North Jersey residents explain what brought them to the polls
These North Jersey residents share their Election Day 2022 motivations.
Miguel Fernandez, NorthJersey.com
New Jersey’s 24th District is guaranteed to have two new Assembly representatives next year after neither incumbent chose to run in this year’s election.
That wide-open race has attracted five candidates to the Republican field in the June 6 primary, all of them vowing to bring conservative values to Trenton and targeting the state’s sex-ed curriculum, gun restrictions and what they see as Democrats’ out of control spending.
All five would be newcomers to the legislature, though they are no strangers to public office and local politics.
Who’s running for Assembly in LD24
The slate includes a pair of two-person teams: Sussex County Commissioner Dawn Fantasia is running with Chester Township Mayor Mike Inganamort against Lafayette Board of Education President Josh Aikens and Warren County Commissioner Jason Sarnoski. Rob Kovic, a former councilman in Bergen County who now lives in Sparta, rounds out the Republican field.
The candidates who emerge in the primary will have the inside track for the two Assembly seats in a traditionally red district in the November general election. Baramdai “Alicia” Sharma, of Hackettstown, is the lone Democrat who filed to run for Assembly in the district.
The current assemblymen, Parker Space and Hal Wirths, both announced last year that they would not run for reelection. Space, running with the Fantasia and Inganamort team, is unopposed in the Republican nomination for the 24th’s state Senate seat, as he seeks to replace retiring GOP Sen. Steve Oroho. Edmund Khanoo is running on the Democratic side for Senate.
The district covers these towns
After legislative lines were redrawn this year, District 24 covers all of Sussex County as well as six western Morris County towns (Mount Olive, Netcong, Roxbury, the Chesters and Washington Township) and two more in Warren County (Allamuchy and Independence.)
It’s been a particularly venomous campaign season on the Republican side. In the lead-up to the primary, anonymous blog posts referencing Fantasia’s ex-husband, a convicted sex offender. Fantasia has alleged that the blogger is working for Aikens and Sarnoski.
Fantasia called the posts, one of which wondered whether she supports giving sex offenders custody of their children, “beyond abhorrent” in an interview with the New Jersey Herald.
“That was a hit to hurt me, and that was a hit to hurt my family,” she said. “For (Aikens and Sarnoski) to use that situation as a political tool is absolutely unbelievable.”
The Aikens and Sarnoski team did not respond to a request for comment Wednesday.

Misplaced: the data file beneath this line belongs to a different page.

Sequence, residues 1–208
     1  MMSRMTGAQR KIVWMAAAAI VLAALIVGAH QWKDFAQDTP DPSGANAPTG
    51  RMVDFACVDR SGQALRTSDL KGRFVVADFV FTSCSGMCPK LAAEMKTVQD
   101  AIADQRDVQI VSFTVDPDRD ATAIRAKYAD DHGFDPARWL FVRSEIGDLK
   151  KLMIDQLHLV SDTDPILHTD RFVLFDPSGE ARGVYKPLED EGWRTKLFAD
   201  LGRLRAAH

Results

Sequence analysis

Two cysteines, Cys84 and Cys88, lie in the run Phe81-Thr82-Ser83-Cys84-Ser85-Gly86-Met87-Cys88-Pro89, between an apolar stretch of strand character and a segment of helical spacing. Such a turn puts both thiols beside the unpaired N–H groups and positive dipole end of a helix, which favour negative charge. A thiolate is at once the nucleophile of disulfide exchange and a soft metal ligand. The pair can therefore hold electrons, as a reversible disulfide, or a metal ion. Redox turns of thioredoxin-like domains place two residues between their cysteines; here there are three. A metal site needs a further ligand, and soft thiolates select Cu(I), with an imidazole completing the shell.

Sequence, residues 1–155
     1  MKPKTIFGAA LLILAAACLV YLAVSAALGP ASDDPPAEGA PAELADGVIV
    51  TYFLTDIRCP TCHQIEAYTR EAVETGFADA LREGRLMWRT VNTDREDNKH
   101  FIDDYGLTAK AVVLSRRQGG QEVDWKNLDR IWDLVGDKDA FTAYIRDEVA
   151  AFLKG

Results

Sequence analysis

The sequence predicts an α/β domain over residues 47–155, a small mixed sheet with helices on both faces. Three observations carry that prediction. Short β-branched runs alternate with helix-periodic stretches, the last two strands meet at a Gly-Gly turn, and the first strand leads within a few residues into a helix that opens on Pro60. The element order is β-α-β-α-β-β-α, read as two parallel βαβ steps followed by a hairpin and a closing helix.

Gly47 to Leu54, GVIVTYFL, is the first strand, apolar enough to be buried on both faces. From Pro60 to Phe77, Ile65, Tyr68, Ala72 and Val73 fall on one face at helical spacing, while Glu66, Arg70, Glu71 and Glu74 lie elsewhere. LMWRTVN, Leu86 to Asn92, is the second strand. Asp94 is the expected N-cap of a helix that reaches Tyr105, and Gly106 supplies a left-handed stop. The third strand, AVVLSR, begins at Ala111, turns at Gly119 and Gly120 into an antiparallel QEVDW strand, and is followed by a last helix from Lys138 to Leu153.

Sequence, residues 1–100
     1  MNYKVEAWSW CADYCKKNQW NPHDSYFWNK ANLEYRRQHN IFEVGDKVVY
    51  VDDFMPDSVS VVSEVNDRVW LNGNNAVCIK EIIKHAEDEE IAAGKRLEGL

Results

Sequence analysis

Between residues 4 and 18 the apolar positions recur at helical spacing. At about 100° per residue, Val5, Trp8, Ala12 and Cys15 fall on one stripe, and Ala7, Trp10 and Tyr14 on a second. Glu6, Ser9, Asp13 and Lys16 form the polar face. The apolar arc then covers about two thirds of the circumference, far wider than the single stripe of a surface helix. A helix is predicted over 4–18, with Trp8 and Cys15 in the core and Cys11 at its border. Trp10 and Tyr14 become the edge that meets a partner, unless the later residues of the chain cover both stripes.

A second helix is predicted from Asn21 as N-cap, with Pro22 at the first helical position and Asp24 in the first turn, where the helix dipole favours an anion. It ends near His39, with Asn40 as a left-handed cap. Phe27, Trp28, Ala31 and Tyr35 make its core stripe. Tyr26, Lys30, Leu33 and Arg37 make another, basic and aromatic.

Candidates target sex-ed standards
All five Assembly hopefuls submitted candidate information to the Herald. Their answers highlighted many of the same issues, saying they would fight in Trenton against the policies of Gov. Phil Murphy. They blamed Murphy and the Democrats who control the state Legislature for high taxes, restrictive gun laws and new public school curriculum standards on sex education.
Fantasia said the updated sex-ed standards represent an “incredible amount of overreach” by the state Department of Education. She mentioned seeing resource videos with graphic sexual references and asserted that proponents of the curriculum equate free speech with “exposing pornography to minors.”
Kovic also opposes what education officials have deemed age-appropriate material for elementary and middle school students. Teachers should be prioritizing lessons that are more suitable to each grade level, he said, instead of displaying “borderline obscenity” in the classroom.
“Some of it is a little bit shocking, to tell you the truth,” Kovic said. “It has no redeeming educational value.”
In 2022, Sarnoski and the Warren County Commissioners adopted a “Parental Bill of Rights” for families concerned about the state’s new standards. He also created an online survey to learn what parents would like to see implemented into the curriculum.
The health standards set broad requirements which local districts then choose how to teach. They don’t mandate sex education in the early grades, but call for discussions on debunking gender stereotypes by second grade. Fifth graders are expected to know “the connection between sexual intercourse and human reproduction,” whereas earlier standards discussed puberty.
Eighth graders are now expected to know definitions of vaginal, oral and anal sex, where earlier standards limited classroom education to broader topics like sexual attraction, contraception and pregnancy.